“Once you get past 2020, and you have the new Census, we’re in a position to unilaterally end gerrymandering in this state and do what the U.S. Supreme Court wouldn’t,” Lupher said.

Kagan: 'Dishonored our democracy'

Justice Elena Kagan wrote a scathing dissent, joined by the high court's three other liberal justices. She accused the majority of refusing to remedy a constitutional violation “because it thinks the task beyond judicial capabilities.”

Partisan gerrymanders in North Carolina and Maryland “deprived citizens of the most fundamental of their constitutional rights: the rights to participate equally in the political process, to join with others to advance political beliefs, and to choose their political representatives,” Kagan wrote.

“In so doing, the partisan gerrymanders here debased and dishonored our democracy, turning upside-down the core American idea that all governmental power derives from the people.”

Roberts said that, while the Supreme Court has stepped in to settle racial gerrymandering and “one person, one vote” cases, there are no grounds for federal courts to do the same in partisan gerrymandering disputes.

Racial gerrymandering cases call for the end to racial classification, but partisan gerrymandering claims cannot ask for the end of partisanship, he wrote.

The framers of the Constitution anticipated electoral district problems and chose to assign the issue to state Legislatures, checked by Congress “with no suggestion the courts had a role to play.”

None of the “tests” proposed by plaintiffs to prove partisan gerrymandering “meets the need for a limited and precise standard that is judicially discernible and manageable,” Roberts said.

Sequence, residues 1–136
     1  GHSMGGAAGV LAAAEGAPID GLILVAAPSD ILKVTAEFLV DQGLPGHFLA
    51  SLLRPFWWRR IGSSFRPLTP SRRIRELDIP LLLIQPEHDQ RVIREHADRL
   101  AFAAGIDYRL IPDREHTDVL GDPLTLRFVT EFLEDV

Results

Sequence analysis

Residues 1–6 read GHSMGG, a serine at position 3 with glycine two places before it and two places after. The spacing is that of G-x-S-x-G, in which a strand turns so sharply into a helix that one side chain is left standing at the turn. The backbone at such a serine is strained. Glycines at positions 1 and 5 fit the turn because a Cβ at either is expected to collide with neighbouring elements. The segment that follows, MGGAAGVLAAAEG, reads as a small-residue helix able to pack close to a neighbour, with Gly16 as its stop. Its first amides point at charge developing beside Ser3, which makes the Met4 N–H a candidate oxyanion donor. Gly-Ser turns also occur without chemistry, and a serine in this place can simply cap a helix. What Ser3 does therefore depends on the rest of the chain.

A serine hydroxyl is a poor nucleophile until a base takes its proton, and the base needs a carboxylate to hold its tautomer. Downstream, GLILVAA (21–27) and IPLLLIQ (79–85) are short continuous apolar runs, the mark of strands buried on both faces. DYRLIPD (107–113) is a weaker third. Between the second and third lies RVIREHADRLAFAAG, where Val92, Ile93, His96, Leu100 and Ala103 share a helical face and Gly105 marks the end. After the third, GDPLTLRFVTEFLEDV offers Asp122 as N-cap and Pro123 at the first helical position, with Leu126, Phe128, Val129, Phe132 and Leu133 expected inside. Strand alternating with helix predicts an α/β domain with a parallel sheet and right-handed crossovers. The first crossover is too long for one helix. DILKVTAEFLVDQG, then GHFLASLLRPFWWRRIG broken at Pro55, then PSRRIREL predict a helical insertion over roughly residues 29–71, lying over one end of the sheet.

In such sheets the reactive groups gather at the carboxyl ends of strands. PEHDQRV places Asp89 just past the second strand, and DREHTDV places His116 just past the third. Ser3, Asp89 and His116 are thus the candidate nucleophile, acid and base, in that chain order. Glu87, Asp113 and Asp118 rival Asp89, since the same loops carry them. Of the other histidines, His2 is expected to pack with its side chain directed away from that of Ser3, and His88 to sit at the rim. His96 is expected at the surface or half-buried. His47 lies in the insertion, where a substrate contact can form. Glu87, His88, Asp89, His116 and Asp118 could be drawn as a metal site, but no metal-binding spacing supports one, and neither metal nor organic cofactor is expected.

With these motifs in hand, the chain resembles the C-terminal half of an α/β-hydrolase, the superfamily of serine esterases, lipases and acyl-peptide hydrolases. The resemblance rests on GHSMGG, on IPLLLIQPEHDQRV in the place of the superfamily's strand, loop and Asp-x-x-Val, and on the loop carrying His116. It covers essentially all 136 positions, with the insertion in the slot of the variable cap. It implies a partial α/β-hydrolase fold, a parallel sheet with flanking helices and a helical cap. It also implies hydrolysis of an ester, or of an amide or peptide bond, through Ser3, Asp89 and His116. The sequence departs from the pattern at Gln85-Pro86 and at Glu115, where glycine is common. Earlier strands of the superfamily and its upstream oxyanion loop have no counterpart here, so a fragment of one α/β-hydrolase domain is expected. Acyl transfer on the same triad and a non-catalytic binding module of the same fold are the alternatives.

“And none provides a solid grounding for judges to take the extraordinary step of reallocating power and influence between political parties.”

Kagan accused the majority of “abdication,” arguing that lower courts across the country have “coalesced around manageable judicial standards” to correct only the most “egregious gerrymanders” without becoming “omnipresent players” in the political process.

“In giving such gerrymanders a pass from judicial review, the majority goes tragically wrong,” she wrote.

UM's Bagenstos said there's a strong argument that, if you can't go to the courts, where else can you go, since you can't trust a state legislature elected from gerrymandered districts to eliminate the gerrymander. 

"On the one hand, Chief Justice Roberts doesn't want to get involved because he's afraid when they say a redistricting plan is unconstitutional — that's going to be seen as ruling in favor of one political party over the other," Bagenstos said. 

"On the other hand, when the court washes its hands of addressing issues like this, that's taking a position, too, by leaving in place a political gerrymander that was created by a political party to serve its political ends."

Charlie Spies, who represented GOP lawmakers in the Michigan case, called the ruling “good news for representative democracy." The opinion makes "clear that districting decisions belong with the democratic process and not in courts," Spies aid.